Of course I think of Kafka as being the quintessential international writer, but if the likes of John Banville want to claim him as Irish - I'll lift a jar to the sentiment. But I will point out that Kafka set one of his novels in North Amerika and not Ireland.
Photo by: Archive
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John Banville: claiming Kafka as an Irish writer
A few days ago the Booker Prize winning Irish writer John Banville was in Prague, to receive one of Europe’s most coveted literary awards, the Franz Kafka Prize. David Vaughan took the opportunity to talk to the writer about his work and his fascination with the cultural and literary world of Central Europe.
John BanvilleJohn Banville is one of the most richly poetic novelists writing in English today. He is best known internationally for his 2005 novel, The Sea, which is set in an Irish seaside resort and entwines memory with the present in a way that invites parallels with Milan Kundera. His writings have also brought him to Prague. Banville’s brilliant novel, Kepler, is set in the city at the time of the Renaissance, and opens with the wonderful line, “Johannes Kepler, asleep in his ruff, has dreamed the solution to the cosmic mystery.” In 2003 he wrote Prague Pictures, a portrait of the city that looks back to its mysterious past and also recalls Banville’s own first visit to Czechoslovakia a few years before the fall of communism.
“Much”, he writes in Prague Pictures, “has been written on the beauty of Prague, but I am not sure that beauty is the right word to apply to this mysterious, jumbled, fantastical, absurd city on the Vltava, one of Europe’s three capitals of magic – the other two being Turin and Lyon. There is loveliness here, of course, but a loveliness that is excitingly tainted.”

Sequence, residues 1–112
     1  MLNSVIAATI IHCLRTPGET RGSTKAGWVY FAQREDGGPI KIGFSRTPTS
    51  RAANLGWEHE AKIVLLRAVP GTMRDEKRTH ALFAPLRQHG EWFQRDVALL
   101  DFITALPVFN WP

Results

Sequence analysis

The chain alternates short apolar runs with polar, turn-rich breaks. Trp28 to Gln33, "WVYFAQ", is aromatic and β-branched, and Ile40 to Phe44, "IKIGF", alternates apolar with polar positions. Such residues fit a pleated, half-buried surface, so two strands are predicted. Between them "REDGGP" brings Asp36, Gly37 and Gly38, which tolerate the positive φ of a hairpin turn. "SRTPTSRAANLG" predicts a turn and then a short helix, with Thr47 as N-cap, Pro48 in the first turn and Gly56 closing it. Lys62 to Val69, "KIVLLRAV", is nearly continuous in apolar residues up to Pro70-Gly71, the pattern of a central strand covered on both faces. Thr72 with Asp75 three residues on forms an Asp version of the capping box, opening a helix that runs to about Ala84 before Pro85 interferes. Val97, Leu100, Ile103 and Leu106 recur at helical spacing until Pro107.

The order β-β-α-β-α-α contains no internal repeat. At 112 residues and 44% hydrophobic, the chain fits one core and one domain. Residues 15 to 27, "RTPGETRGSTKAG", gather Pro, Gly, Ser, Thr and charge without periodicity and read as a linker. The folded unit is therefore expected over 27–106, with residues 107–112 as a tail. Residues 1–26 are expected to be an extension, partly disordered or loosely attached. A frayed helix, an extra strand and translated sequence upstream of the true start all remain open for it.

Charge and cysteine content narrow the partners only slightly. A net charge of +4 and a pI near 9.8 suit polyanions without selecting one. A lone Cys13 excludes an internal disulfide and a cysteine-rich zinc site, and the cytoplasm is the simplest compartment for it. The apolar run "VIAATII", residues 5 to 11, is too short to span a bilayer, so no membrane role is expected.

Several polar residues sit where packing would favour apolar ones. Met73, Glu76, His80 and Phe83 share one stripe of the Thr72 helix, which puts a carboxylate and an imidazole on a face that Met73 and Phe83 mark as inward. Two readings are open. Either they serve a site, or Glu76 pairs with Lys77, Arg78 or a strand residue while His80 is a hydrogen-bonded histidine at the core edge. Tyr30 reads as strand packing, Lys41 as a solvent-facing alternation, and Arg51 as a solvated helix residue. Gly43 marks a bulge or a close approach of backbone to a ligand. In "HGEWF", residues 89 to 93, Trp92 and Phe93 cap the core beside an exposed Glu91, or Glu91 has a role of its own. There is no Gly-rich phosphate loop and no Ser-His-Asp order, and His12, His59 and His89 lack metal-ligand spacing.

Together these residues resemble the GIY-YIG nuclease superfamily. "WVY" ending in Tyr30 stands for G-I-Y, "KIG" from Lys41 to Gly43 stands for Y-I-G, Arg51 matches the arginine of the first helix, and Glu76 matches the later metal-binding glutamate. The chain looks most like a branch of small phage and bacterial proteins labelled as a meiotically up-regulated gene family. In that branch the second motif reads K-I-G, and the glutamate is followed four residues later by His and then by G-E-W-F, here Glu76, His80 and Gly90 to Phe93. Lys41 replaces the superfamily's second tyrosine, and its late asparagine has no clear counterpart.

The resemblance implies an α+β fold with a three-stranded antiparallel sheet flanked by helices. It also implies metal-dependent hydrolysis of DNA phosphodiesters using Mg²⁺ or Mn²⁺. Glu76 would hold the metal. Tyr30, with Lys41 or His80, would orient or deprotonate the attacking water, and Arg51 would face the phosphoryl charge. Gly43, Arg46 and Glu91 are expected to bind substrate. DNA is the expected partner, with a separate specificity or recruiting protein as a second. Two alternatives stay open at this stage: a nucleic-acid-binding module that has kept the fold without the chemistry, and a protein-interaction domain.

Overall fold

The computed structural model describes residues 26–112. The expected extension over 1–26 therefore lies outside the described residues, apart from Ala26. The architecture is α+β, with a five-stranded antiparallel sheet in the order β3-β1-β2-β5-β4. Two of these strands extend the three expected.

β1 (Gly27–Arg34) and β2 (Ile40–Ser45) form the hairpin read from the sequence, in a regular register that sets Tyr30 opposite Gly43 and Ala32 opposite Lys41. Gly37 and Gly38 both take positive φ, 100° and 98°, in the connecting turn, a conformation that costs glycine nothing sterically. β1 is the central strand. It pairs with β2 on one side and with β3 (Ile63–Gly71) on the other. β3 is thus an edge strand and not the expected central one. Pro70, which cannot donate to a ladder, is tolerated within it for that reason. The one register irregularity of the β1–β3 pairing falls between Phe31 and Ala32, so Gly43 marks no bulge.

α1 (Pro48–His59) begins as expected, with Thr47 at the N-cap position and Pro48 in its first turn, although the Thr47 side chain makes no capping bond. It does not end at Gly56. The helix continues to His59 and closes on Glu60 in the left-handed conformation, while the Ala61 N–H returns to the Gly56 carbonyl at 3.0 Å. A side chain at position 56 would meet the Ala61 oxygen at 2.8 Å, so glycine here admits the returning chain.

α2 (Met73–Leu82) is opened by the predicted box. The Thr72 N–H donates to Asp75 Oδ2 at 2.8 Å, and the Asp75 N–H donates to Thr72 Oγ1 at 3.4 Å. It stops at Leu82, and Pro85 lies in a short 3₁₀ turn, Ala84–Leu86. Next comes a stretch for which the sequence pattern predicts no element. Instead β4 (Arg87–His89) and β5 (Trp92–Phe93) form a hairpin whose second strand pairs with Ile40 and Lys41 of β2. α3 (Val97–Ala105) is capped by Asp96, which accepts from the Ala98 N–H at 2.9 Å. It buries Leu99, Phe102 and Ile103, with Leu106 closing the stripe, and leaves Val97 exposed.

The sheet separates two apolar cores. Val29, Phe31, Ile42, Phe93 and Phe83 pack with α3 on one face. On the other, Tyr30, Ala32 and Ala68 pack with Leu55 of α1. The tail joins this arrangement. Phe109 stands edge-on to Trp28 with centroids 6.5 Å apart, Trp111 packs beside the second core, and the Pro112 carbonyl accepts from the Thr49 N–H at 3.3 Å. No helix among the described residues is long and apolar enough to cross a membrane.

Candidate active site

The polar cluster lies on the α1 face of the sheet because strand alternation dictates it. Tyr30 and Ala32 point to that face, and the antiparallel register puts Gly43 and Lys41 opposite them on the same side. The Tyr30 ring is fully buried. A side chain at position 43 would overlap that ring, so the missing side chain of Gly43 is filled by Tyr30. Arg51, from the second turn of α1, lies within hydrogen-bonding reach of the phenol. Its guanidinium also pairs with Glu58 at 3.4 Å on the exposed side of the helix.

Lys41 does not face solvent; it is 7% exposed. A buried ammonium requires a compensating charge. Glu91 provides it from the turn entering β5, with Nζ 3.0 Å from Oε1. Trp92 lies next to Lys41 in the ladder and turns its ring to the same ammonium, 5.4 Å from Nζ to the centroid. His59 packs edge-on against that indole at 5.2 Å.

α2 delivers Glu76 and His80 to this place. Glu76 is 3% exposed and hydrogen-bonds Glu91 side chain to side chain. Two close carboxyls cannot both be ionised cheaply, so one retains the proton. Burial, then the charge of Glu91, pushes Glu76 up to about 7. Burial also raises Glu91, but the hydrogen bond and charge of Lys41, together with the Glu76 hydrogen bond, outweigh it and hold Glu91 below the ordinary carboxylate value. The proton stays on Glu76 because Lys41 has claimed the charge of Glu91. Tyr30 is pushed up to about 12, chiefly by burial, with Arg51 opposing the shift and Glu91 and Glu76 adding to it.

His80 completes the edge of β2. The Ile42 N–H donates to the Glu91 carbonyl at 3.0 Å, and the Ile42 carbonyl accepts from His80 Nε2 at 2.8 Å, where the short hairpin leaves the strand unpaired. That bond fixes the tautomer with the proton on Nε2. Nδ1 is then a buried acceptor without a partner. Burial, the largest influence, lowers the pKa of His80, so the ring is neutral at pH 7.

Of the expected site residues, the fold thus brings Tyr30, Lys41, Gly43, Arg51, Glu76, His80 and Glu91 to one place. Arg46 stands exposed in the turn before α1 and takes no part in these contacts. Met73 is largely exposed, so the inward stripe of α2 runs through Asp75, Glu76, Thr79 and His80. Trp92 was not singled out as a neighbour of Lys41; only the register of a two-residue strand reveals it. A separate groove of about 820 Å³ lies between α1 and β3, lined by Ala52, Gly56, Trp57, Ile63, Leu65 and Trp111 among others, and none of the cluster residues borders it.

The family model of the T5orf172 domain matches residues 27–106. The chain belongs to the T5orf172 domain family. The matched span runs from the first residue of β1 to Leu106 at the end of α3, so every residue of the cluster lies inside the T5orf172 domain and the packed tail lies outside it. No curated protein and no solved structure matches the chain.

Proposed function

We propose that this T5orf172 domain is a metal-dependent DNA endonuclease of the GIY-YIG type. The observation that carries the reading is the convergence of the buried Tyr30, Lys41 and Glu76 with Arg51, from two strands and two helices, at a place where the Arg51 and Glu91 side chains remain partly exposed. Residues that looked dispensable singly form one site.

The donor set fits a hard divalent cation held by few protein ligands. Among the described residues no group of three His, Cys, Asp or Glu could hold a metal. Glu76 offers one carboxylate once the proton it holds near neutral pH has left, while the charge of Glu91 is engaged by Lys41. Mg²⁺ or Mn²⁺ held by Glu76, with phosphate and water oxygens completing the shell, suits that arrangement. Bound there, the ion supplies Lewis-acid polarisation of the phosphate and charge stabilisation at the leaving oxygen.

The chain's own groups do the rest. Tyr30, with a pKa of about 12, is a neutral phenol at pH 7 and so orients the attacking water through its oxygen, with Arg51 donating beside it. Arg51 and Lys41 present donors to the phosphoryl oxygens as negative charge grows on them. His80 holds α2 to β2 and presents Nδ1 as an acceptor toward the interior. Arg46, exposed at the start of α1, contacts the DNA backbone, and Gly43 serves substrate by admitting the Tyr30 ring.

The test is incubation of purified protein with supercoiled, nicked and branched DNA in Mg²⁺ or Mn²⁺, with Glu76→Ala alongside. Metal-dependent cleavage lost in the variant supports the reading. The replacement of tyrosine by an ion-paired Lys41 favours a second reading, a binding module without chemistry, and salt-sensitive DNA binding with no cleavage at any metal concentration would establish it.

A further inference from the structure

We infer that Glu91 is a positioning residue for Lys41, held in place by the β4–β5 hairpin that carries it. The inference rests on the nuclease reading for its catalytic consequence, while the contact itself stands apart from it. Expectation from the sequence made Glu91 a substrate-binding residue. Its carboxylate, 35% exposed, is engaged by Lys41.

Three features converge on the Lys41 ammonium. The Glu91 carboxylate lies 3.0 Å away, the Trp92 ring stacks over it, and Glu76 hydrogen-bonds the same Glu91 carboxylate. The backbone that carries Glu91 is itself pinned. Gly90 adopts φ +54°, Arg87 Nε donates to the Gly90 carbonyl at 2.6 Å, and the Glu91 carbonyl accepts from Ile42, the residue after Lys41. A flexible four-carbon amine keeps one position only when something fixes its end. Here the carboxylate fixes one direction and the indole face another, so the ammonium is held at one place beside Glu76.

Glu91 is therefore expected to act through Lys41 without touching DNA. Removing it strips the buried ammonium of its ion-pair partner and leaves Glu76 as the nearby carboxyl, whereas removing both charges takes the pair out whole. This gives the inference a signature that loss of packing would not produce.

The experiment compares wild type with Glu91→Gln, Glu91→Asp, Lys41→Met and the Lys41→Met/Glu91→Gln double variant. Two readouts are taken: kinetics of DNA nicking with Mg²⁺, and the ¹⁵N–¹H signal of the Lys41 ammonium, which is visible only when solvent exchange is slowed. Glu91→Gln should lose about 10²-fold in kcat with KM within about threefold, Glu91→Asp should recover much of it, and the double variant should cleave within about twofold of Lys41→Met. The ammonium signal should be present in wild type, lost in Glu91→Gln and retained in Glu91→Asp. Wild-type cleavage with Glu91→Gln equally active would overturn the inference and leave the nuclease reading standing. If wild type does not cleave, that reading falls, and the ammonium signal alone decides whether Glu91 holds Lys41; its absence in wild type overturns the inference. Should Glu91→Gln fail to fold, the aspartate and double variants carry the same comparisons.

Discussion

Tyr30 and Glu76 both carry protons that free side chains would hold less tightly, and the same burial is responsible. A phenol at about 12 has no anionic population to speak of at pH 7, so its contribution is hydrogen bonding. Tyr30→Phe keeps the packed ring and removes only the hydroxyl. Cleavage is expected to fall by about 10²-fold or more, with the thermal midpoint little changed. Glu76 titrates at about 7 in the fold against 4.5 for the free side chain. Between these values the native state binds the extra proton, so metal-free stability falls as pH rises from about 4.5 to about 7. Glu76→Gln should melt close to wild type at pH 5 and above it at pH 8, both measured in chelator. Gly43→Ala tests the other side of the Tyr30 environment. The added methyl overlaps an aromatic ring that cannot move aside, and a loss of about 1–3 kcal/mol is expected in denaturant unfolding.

John Banville was the eleventh writer to receive the Franz Kafka Prize, joining such illustrious company as Harold Pinter, Philip Roth and Václav Havel. Banville himself has described it as an “old-style prize” in its emphasis on humanism, tolerance and timelessness, and with an international jury made up of what the Franz Kafka Society itself describes rather ponderously as “prominent personalities from the sphere of literary science and history”.
Franz KafkaI caught up with John Banville at his hotel in Na Poříčí Street, a building that, aptly enough, once housed the insurance company where Franz Kafka worked. I began with the obvious question as to what the award meant to him.
“Well, this is a very important award. I’m thrilled to have it, of course, and I’m particularly pleased to have a prize which is associated with the name of Franz Kafka.”
What does Kafka mean to you as an Irish writer?
“Of course, we would probably claim Kafka as an Irish writer. His tone of voice is certainly quite Irish: that sense of melancholy, that sense of strangeness and of being a stranger in the world. I think that we empathise with that very much indeed.”